Tier 1: Pierce Parker, Israel Jordan Ward, Hiro Nakajima

Tier 2: Collin McDowell, Jeff Knight, Shane Lloyd

Tier 3: Jordan Baker, Kade Padgett, Mo Hart

Tier 4: Fetu Apatu, Daniel Winston

While I am not rating the defensive tackles in this class quite as highly as the defensive ends, there still is some standout talent among this group. Israel Jordan Ward leads this position as the overwhelming favorite to be the first DT taken. I’d wager he goes in the Top 10. Nakajima and Parker are also favorites to go in Round 1 given their contributions to playoff teams.

Tier 2 and Tier 3 were the hardest to differentiate any position group for these DTs. All six of these players could go as high as Round 2 and as low as Round 6. Even Apatu and Winston, while not as productive in the CFSL, could see their names rise. With only 11 total true DTs in the draft, needy teams can and might start a run at the position. That pressure could also push someone like Shane Lloyd, for example, into the 1st Round as well.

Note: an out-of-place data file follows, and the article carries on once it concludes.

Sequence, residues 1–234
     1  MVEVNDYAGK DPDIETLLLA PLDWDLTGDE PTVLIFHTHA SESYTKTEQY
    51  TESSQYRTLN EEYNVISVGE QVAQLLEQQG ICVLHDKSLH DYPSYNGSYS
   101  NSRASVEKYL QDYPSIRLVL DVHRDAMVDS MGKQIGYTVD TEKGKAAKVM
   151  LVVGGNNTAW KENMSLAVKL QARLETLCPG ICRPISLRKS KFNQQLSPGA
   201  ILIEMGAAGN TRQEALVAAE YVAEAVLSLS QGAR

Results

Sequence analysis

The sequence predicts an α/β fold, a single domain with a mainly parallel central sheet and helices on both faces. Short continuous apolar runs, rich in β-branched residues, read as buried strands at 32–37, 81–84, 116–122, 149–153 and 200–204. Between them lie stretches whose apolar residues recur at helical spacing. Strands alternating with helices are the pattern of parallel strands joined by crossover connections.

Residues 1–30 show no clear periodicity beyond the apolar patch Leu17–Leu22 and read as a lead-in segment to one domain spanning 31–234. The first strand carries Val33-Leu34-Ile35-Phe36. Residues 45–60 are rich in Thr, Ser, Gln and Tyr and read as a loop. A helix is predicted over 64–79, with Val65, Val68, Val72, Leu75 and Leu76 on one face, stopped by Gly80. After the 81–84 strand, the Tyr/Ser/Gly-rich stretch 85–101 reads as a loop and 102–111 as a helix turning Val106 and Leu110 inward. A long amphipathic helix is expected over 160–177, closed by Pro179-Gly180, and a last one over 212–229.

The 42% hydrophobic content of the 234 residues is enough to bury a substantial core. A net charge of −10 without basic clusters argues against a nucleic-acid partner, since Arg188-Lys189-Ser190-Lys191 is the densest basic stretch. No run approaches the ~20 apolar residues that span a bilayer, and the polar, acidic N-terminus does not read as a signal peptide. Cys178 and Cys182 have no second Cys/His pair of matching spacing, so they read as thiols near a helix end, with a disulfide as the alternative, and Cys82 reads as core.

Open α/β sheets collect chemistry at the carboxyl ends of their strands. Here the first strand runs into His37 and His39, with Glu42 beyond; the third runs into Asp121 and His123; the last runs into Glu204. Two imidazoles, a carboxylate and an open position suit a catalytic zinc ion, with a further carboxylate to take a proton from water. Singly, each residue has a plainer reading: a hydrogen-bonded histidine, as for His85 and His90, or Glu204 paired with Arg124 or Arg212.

Outside Linebackers

Florida LB Tymundus Bell making the interception over the middle.

Tier 1: Tymundus Bell, JW Eibeck

Tier 2: Henry Pate III, Wesley Bellomy, Blake Grant, Devin Rudisell

Tier 3: Tyrell Kross, Thomas Schultz, John Smith

Tier 4: Haisten Kai